According to the Companies Act, 1956 a company can issue redeemable preference shares if authorised by its Articles of Association.

Section 80 of Act, provides that redeemable preference shares can be redeemed:

(i) Only if these are fully paid;

(ii) Redemption may be made either out of accumulated profits or out of the proceeds of a fresh issue Of shares;

(iii) If shares are to be redeemed out of accumulated profits, the amount required must be transferred to Capital Redemption Reserve Account and,

(iv) If shares are to be redeemed at premium, it should be provided either out of the accumulated profits or Share Premium Account.

(ii) Claims on Income:

A fixed rate of dividend is payable on preference shares. Preference shareholders have prior claim on income (dividend) over equity shareholders. Whenever the company has distributable profits, the dividend is first paid on preference share capital.

Only after payment of stipulated dividend on preferred stock, the company can pay any dividend to other (equity) shareholders. But, like equity shareholders, the holders of preference shares also cannot legally demand payment of dividends or distribution of earnings, as it is the prerogative of the management to decide whether to pay dividend or to reinvest its earnings.

However, the rate of dividend on preference shares, unlike equity shares, is fixed and they do not have share in the extra earnings of the company. But, a company may issue participating preference shares giving its holders a right to participate in the surplus profits of the company. In the same manner, a company may issue cumulative preference shares.

The cumulative feature gives right to its holders to claim arrears of dividend in the sense that in the event of non-declaration of dividends in any year, the same will not lapse and will be carried forward till the same is paid. A company may also issue cumulative convertible preference shares (CCPS) which are convertible into equity shares after the expiry of a certain period.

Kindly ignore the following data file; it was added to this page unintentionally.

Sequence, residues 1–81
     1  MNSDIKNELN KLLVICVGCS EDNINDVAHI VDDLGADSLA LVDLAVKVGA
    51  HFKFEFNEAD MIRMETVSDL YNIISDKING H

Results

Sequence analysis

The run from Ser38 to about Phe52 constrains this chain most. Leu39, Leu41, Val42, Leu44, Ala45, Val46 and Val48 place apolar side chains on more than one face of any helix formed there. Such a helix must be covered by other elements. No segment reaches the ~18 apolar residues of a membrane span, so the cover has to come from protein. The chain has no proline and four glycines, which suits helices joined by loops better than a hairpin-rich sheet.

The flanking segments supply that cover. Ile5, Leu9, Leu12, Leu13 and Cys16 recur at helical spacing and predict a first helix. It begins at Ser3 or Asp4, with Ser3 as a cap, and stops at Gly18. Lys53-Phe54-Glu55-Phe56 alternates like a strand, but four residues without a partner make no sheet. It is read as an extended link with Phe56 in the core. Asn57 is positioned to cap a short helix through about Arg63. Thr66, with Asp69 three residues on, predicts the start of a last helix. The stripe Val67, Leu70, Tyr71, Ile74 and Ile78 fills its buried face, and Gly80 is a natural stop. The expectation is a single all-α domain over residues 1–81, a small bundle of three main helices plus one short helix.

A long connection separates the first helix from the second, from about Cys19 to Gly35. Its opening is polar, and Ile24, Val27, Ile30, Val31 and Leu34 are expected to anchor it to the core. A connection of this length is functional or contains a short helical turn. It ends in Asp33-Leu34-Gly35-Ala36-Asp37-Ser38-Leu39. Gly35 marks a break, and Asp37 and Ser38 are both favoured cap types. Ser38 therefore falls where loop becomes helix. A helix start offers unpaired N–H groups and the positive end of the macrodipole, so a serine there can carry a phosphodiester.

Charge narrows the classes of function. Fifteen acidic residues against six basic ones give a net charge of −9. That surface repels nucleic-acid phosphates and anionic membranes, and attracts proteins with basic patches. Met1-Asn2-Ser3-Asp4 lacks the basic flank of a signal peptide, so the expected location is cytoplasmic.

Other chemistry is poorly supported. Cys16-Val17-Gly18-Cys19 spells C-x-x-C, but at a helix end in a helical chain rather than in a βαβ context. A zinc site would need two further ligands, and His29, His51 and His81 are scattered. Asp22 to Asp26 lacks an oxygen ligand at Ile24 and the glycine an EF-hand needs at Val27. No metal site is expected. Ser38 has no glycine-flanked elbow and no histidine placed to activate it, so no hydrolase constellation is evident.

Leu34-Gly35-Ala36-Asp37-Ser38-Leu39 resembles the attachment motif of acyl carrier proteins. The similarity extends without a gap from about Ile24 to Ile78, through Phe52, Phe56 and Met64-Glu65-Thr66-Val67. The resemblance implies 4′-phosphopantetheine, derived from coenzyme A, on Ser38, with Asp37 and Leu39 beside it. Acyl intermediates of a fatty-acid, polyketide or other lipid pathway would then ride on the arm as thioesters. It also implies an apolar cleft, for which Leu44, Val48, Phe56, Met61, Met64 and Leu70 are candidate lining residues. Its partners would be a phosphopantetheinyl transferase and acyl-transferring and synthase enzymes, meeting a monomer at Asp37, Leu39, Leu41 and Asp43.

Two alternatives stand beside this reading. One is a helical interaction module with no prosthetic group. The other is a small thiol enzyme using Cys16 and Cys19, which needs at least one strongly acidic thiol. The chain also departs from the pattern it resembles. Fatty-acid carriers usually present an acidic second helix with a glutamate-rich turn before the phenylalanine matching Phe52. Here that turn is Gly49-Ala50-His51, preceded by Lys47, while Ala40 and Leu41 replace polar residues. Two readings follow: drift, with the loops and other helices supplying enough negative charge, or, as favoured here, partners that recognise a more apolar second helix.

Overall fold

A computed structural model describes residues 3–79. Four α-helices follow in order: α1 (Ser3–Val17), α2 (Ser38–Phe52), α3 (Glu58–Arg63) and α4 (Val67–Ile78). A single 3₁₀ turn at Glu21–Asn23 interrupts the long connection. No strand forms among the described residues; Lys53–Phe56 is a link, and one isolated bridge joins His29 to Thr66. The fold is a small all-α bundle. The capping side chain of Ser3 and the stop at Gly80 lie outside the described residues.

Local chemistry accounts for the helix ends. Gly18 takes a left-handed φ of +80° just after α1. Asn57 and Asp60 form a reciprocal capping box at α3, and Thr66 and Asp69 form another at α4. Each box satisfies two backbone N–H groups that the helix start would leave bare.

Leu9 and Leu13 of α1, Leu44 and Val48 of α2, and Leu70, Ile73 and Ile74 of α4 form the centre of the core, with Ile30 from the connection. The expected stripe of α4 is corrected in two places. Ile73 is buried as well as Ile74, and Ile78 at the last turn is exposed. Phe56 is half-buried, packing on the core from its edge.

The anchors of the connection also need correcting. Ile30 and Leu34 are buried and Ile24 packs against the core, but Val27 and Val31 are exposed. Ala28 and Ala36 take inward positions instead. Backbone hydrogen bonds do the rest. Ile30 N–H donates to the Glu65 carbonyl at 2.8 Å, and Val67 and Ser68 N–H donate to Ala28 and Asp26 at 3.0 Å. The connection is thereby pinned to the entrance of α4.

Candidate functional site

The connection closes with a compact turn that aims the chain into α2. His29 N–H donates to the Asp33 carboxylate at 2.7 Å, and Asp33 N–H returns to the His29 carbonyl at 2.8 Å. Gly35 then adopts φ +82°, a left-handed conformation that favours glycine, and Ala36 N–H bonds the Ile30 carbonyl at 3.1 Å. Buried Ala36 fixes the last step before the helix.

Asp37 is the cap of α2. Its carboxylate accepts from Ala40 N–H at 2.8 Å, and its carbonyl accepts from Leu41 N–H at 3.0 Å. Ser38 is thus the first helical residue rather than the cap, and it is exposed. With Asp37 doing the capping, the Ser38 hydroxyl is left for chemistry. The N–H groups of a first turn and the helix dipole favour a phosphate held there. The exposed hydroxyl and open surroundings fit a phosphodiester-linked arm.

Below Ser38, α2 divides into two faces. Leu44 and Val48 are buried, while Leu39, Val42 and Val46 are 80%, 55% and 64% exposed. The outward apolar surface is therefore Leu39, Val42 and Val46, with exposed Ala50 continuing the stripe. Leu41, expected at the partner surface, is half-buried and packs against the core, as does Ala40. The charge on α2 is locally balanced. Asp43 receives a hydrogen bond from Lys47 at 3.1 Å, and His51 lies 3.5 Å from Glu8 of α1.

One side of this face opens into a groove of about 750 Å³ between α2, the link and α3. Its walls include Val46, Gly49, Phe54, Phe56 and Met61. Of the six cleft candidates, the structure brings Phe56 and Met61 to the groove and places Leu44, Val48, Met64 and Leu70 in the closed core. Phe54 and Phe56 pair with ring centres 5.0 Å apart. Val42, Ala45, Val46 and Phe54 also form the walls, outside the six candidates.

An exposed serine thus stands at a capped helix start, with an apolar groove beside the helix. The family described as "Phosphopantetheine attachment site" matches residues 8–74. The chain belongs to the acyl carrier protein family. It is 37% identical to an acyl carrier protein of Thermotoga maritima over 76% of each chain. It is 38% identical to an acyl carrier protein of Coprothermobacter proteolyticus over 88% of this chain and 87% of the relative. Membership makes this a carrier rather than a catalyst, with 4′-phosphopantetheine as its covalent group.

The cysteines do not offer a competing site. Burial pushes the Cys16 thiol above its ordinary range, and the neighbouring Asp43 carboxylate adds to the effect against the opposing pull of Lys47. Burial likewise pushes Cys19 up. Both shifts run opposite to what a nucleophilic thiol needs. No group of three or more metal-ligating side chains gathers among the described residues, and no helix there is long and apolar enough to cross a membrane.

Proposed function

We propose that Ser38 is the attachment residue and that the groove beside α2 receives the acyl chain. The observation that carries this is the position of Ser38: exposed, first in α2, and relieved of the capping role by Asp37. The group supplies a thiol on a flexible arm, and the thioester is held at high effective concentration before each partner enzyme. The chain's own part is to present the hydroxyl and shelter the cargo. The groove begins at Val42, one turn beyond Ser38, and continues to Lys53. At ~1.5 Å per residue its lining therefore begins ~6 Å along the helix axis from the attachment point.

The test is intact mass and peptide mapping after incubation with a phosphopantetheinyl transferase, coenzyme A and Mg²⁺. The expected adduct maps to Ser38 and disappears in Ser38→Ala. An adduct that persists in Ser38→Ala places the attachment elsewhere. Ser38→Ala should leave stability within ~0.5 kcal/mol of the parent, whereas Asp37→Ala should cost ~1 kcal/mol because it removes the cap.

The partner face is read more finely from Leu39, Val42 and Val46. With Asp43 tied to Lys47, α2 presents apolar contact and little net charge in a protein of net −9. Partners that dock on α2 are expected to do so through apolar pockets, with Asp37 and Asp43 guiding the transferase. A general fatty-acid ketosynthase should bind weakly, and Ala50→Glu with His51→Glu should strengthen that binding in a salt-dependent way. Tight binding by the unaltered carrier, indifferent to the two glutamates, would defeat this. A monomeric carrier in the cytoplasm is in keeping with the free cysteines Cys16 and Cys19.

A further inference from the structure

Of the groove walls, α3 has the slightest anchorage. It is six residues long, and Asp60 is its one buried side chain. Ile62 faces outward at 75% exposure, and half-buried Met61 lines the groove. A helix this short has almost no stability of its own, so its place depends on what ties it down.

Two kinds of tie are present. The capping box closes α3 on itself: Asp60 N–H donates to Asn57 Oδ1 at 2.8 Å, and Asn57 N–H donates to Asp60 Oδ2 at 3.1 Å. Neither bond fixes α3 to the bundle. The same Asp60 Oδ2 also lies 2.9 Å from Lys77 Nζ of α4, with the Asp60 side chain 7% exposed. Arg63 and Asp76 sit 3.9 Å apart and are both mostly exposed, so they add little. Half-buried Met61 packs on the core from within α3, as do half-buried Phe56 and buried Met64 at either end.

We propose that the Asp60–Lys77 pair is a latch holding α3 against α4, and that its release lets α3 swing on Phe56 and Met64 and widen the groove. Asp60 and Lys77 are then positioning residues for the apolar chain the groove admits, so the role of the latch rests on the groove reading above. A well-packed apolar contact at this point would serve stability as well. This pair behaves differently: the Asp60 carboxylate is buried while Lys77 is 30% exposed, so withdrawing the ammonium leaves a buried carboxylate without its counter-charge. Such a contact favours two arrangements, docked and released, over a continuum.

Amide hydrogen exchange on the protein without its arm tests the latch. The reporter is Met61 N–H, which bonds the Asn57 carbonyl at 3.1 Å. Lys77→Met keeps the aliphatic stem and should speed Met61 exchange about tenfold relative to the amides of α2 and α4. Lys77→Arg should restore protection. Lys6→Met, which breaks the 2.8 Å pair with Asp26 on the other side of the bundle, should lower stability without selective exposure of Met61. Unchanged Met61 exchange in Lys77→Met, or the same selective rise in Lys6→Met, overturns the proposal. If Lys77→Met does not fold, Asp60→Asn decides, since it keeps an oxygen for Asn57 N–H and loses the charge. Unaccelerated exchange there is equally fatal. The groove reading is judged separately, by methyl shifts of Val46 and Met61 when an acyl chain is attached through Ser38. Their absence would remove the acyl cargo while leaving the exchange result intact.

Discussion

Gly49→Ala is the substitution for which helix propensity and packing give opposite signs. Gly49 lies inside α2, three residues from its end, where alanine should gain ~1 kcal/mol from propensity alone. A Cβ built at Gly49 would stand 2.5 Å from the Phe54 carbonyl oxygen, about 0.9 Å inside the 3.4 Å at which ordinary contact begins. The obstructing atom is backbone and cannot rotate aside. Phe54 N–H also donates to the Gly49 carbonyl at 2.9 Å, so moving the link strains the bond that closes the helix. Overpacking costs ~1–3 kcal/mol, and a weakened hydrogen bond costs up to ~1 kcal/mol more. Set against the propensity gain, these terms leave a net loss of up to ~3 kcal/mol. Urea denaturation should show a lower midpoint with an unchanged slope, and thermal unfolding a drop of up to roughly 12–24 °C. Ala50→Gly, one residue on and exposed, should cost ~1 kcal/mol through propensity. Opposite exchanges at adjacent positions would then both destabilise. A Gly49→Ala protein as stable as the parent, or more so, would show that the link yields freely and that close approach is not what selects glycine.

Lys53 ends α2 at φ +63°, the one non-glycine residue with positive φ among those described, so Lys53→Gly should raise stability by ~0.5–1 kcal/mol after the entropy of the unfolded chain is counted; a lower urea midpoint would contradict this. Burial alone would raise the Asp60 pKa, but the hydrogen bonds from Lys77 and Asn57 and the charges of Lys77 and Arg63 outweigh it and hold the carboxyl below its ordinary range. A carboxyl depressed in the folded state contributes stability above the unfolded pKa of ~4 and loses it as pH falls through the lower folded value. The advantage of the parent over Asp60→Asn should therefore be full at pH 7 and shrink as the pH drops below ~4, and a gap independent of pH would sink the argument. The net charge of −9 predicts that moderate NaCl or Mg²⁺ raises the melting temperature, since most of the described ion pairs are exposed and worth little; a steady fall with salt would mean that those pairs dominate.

(iii) Claims on Assets:

Preference shares have a preference in the repayment of capital at the time of liquidation of a company. Their claims on assets are superior to those of equity shareholder. In the event of winding up of the company, their claim is to be settled first before making any payment to the equity shareholders.

But as they are not real owners of the company, the preference shareholder, usually, do not have any right in the surplus assets of the company. However, a company may issue participating preference shares which entitle its holders right to participate even in the surplus assets of the company at the time of liquidation in agreed ratio.

(iv) Control:

Ordinarily, preference shareholders do not have any voting rights; so they do not have any say in the management or control of the company. However, under section 87 of the Companies Act, 1956, preference shareholders can vote on a resolution which directly affects the rights to be attached to their preference shares.

They can also vote on every kind of resolutions placed before the meeting of the company if the dividend due on the their shares or any part there of has remained unpaid. In these situations, their right to vote shall be in the same proportion as the paid up preference share capital bears to the total paid up equity capital of the company.

(v) Hybrid Form of Security:

Preference share capital, in the real sense, represents a hybrid form of security as it includes some features of equity and other of debt financing.

It resembles equity in the sense that:

(i) Payment of dividend is not obligatory;

(ii) Preference dividend is payable only out of distributable profits and,

(iii) It is not deductible as an expense while determining tax liability of the company.

At the same time, it has certain characteristics of debt financing such as:

(i) It carries a fixed rate of dividend like interest;

(ii) It entitles to a right to its holder prior to equity shareholders and

(iii) It does not provide a right to vote.

Advantages of Preference Shares: